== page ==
“Dropped objects can include sections of drill pipe from casing, a spool, wire rope, an equipment handle or navigation light fitting. It really doesn’t matter what it is, it’s the weight of the object and the height at which it drops that does the damage.

“Our Squids® Ergodyne Tool lanyard range allows workers to secure tools with a number of attachment options ranging from heavy-duty self-locking carabiners and barrel locks, to quick connect buckles. We also offer Squids® grabbers which are designed to hold gloves, rags, caps, water bottles and more close at hand items.”

Injuries that workers have suffered to date include crush and leg injuries and each outcome could have been a lot worse and potentially fatal. Having the right ergonomic and safety protection equipment like tool safety lanyards is a small price to pay for the safety of workers in productive, high-risk environments and we’re urging all companies to invest in quality products.

1. Source: NOPSEMA: Number of Dropped Objects on Offshore Rigs on the Rise (Australia)

Body stress injuries take a toll on 1 in 3 construction and mine workers

BODY stressing injuries are affecting one in three workers in the construction and mining industries, contributing to lower productivity in the workplace.

Thirty four per cent of serious injury claims in the construction and mining industries involved body stress injuries from 2008-09 to 2010-11,¹ according to Safe Work Australia (SWA).

Body stressing injuries usually occur from conducting a range of manual tasks every day, repetitive movements or poor posture. According to SWA, the claimants’ injuries were mainly due to muscular stress while handling a range of materials and equipment (construction industry) or due to muscular stress while handling mobile plant and transport (mining industry).

More people needed to be aware of the risks of body stressing injuries, which usually present as muscle aches, pains and strains; back conditions or tendonitis.

“Many people do not appreciate that there is a strong probability of suffering body stressing injuries from regularly conducting strenuous manual tasks, such as heavy lifting or carrying,”
“Employees who are injured at work can experience long periods of incapacity, leading to time off work and financial pressures. It can be a very stressful experience.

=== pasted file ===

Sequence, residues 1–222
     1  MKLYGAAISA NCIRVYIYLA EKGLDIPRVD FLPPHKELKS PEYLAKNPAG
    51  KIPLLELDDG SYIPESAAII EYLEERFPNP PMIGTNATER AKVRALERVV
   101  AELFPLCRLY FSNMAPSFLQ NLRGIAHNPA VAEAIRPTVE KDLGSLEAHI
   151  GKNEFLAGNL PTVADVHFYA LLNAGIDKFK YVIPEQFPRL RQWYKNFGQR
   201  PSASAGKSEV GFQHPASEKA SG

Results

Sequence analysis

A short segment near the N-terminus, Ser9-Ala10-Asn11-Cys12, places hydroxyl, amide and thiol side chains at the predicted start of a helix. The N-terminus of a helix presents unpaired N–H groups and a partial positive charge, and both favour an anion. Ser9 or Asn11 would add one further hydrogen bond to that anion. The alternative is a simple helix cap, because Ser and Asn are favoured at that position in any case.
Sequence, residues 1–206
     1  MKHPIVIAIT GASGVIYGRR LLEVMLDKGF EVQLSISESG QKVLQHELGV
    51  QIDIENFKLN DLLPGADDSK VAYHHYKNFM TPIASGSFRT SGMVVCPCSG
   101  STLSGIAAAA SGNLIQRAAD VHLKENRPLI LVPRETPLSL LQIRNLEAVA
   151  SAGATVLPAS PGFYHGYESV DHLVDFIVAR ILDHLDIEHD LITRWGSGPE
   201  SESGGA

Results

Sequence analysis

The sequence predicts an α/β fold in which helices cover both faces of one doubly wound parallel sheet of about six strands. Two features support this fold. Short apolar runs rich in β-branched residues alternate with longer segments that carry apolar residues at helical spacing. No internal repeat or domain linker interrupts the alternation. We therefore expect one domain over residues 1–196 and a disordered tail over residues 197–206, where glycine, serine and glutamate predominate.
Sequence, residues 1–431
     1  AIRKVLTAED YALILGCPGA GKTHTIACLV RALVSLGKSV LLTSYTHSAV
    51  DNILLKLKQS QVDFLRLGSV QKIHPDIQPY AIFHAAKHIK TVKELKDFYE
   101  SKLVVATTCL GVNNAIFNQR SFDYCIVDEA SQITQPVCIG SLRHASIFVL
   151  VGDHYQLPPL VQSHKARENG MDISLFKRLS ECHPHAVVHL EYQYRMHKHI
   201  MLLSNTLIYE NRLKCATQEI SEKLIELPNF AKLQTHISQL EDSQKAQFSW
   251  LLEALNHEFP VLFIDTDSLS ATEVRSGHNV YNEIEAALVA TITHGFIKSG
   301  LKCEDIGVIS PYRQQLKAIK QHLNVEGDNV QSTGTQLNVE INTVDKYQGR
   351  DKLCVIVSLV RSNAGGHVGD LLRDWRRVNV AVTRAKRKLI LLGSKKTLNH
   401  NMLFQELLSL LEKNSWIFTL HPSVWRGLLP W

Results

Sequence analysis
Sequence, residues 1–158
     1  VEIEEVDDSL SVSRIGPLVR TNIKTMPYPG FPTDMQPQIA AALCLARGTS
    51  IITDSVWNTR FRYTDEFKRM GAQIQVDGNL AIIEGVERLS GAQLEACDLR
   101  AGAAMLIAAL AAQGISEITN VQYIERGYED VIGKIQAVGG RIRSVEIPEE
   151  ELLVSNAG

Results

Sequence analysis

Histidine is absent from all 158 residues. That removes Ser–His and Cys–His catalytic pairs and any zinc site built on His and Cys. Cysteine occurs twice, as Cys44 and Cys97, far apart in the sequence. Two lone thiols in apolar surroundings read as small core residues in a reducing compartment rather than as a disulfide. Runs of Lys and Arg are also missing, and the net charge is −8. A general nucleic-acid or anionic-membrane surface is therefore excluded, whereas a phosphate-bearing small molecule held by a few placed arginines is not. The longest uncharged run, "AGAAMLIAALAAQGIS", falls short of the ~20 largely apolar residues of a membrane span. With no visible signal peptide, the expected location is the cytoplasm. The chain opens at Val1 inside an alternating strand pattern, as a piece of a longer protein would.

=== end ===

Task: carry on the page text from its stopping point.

“We advise all workers to minimise the risks of getting body stressing injuries like sprains and strains by demonstrating good posture, following safety protocol and wearing the right gear. Ergonomic gear like back supports are a great way to reduce sprain and strain injuries and improve the quality of your life.

“The Ergodyne® 100 Economy Back Support is a belt worn around the lower back and the rubber track webbing helps keep support in position. The company is renowned for its experience in delivering workplace back supports, inventing and patenting the first workplace back support 30 years ago.”

Pryme Australia also distributes Ergodyne® wrist supports and knee pads.

Pryme’s tips for preventing body stressing injuries:

  • Follow safety instructions and undertake training
  • Ask for assistance to set up your work area to avoid strain
  • Take regular breaks around the office
  • Talk to someone early if you feel symptoms
  • Research what support is available
  • Review health status with GP regularly


Cold Stress, a productivity buster in the workplace

WORKING in cooler conditions without proper protective clothing may be putting employees at risk of cold stress, contributing to poor productivity in the workplace.

People who work outside in cold temperatures, in cold wind or in wet conditions were most at risk, according to the New Zealand Department of Labour’s report Guidelines for the Management of Work in Extremes of Temperature. The report listed a number of New Zealand working environments with the potential to produce cold stress including “work in refrigerated plant in the food processing industry, diving or outdoor work in winter”.